Burkitt lymphoma in children: The Israeli experience

Adi Hersalis Eldar, Boris Futerman, Gali Abrahami, Dina Attias, Ayelet Ben Barak, Yoav Burstein, Rina Dvir, Herzl Gabriel, Joseph Horovitz, Joseph Kapelushnik, Haim Kaplinsky, Hagit Miskin, Dahlia Sthoeger, Amos Toren, Shoshana Vilk-Revel, Michael Weintraub, Isaac Yaniv, Shai Linn, Myriam Ben Arush

Research output: Contribution to journalArticlepeer-review


Background: We analyzed the results of the French-American-British-LMB 96 protocol performed in 9 centers in Israel on 88 patients with B-cell non-Hodgkin lymphoma treated from 2000 to 2005. Procedure: The majority of the patients was male (63/88, 72%), with a median age of 8.9 years (range, 2.5 to 20 y). Ethnic origin was Jewish in 73% (64/88), and Arabic in 27%. Fifty (57%) patients were classified as Burkitt lymphoma, 5 (5.7%) as Burkittlike lymphoma, 22 (25%) as diffuse large B cell (DLBC), and 9 (10.2%) as Burkitt leukemia with over 25% of their bone marrow (BM) involved. Initial disease sites included the abdomen in 43%, head and neck in 45%, and mediastinum in 7%. Stage I: 9.1%; stage II: 28.4%; stage III: 45.5%, stage IV: 17%. Two patients had BM involvement alone, 5 patients had central nervous system (CNS) involvement alone, and 4 had both CNS and BM. The children were divided into 3 groups according to risk factors, with 5 in group A, 69 in group B, and 14 in group C. Results: With a median follow-up of 3 years (12mo to 7.6 y), the Kaplan-Meier for event-free survival (EFS) and overall survival (OS) according to whole group treatment was 88.6% and 90.9%, group A was 100% and 100%; group B was 89.9% and 92.8%; and group C was 78.6% and 78.6%. There were no untoward events or deaths in group A, whereas 6 patients relapsed in group B, 4 of whom died (all relapsed during the first year), with tumor lysis syndrome in 3 patients and death of toxicity in 1 patient who had multiorgan failure 2 days after initiation of COP. Three patients in group C relapsed and died (all patients relapsed during the first 6 months), with tumor lysis syndrome in 4 patients but no deaths from toxicity. EFS for LDH less than twice was 96.4%, EFS for LDH more than twice was 73.3% (P=0.002). OS according to primary site: bone and ovary: 100%; head and neck: 95%; abdomen: 92%; mediastinum: 50%. The difference between the mediastinal primary site to all other primary sites was statistically significant with P = 0.003. All the mediastinal tumors were of DLBC origin but no significant differences in outcome were found when DLBC was compared with other histologies (DLBC: 81.8%, other B line: 90.9%). OS for patients of Arabic ethnic origin was 79.2%, for Jewish patients was 95.3%, P =0.02. We could not determine any prognostic factors that were different between the groups, which raises the question of a genetic influence. Conclusions: In nonresected mature B-cell lymphoma of childhood and adolescence with no BM or CNS involvement, a 93% cure rate can be achieved, similar to the French-American-British/LMB 96 trial. Patients with primary DLBC mediastinal mass had a significantly reduced OS, indicating the need for a different therapeutic approach.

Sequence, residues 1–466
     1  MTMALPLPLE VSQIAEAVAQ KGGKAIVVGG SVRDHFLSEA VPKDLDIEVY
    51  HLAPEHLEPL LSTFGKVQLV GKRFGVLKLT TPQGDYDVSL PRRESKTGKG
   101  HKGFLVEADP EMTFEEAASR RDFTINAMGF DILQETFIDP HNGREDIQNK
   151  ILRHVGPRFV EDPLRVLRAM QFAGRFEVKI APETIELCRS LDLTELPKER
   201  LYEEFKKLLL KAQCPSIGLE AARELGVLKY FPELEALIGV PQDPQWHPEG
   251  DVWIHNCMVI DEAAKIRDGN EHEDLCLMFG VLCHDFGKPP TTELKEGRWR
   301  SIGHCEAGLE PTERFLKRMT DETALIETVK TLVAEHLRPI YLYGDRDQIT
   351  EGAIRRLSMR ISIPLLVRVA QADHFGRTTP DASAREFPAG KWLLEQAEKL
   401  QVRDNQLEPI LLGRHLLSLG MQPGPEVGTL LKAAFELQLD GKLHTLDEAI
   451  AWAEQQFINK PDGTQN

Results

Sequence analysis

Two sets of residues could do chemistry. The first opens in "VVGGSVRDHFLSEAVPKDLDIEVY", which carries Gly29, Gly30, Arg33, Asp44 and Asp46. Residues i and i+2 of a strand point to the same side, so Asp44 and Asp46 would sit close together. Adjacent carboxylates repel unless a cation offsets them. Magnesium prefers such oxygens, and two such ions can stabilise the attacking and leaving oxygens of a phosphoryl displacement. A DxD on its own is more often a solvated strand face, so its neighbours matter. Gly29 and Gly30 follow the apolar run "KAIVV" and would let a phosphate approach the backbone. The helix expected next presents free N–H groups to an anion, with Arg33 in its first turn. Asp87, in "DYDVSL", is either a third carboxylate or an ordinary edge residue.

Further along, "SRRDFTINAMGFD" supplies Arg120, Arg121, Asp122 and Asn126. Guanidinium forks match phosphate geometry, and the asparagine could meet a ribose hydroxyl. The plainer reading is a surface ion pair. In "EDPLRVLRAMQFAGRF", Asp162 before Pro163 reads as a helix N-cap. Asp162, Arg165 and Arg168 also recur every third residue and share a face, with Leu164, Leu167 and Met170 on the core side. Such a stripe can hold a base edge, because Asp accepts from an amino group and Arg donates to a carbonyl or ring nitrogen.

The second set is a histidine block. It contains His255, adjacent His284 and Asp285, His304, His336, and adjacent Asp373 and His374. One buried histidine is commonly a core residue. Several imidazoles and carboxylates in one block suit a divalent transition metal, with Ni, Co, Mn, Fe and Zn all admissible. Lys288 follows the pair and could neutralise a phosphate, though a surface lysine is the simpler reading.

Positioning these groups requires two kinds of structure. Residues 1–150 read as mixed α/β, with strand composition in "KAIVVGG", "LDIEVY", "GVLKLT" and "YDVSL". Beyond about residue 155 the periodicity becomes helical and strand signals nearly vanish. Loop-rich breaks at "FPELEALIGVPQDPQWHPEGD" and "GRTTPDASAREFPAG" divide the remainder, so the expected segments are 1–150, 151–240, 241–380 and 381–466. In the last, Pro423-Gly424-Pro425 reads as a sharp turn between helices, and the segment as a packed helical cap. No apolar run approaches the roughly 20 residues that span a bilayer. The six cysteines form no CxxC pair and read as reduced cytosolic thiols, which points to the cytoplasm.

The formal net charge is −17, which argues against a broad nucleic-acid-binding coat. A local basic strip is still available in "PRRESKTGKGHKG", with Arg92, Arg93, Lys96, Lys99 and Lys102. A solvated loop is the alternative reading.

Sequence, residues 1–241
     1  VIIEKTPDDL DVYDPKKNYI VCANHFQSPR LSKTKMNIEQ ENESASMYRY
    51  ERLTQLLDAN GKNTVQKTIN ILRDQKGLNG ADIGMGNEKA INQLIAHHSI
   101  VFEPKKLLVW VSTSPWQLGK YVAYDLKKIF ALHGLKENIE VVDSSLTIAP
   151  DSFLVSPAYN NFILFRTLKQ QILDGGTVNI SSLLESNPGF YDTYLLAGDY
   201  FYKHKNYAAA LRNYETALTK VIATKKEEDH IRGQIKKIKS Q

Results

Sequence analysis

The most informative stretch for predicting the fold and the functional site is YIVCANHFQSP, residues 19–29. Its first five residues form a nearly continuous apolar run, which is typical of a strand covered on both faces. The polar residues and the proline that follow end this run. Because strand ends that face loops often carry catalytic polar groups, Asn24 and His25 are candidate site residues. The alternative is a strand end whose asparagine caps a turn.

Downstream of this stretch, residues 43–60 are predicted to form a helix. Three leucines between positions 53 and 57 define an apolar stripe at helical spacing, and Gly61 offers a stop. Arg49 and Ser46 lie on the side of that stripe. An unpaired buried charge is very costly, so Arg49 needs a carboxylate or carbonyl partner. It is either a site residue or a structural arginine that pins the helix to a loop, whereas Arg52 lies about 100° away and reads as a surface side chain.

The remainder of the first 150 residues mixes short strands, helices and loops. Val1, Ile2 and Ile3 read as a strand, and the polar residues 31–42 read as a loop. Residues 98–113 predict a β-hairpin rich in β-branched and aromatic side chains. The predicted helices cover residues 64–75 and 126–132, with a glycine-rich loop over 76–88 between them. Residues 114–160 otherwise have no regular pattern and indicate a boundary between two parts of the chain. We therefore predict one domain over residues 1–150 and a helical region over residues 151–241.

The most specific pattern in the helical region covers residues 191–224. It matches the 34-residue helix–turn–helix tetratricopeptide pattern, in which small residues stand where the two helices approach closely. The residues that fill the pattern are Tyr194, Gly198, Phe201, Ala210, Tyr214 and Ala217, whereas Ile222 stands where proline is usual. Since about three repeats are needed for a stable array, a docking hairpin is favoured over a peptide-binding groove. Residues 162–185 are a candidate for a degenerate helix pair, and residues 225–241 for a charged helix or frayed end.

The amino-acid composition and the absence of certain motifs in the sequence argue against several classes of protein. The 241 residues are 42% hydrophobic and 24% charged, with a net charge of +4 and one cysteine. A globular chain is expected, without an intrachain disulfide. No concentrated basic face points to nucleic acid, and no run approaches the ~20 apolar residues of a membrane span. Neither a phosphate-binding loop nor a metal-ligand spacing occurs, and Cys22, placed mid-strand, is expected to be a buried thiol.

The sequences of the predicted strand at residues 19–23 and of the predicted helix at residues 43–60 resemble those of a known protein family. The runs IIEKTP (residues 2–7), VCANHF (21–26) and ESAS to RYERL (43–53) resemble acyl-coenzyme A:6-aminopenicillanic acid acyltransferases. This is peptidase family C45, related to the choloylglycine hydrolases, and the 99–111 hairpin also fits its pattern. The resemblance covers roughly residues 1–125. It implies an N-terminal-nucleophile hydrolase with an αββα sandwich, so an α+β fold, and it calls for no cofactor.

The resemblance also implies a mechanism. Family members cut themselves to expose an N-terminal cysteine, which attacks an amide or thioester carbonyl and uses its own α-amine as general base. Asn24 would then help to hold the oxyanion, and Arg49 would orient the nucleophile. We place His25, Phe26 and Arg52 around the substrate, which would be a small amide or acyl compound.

Original languageEnglish
Pages (from-to)428-436
Number of pages9
JournalJournal of Pediatric Hematology/Oncology
Issue number6
StatePublished - Jun 2009
Externally publishedYes


  • Burkitt lymphoma
  • Chemotherapy
  • Children

ASJC Scopus subject areas

  • Pediatrics, Perinatology, and Child Health
  • Hematology
  • Oncology


Dive into the research topics of 'Burkitt lymphoma in children: The Israeli experience'. Together they form a unique fingerprint.

Cite this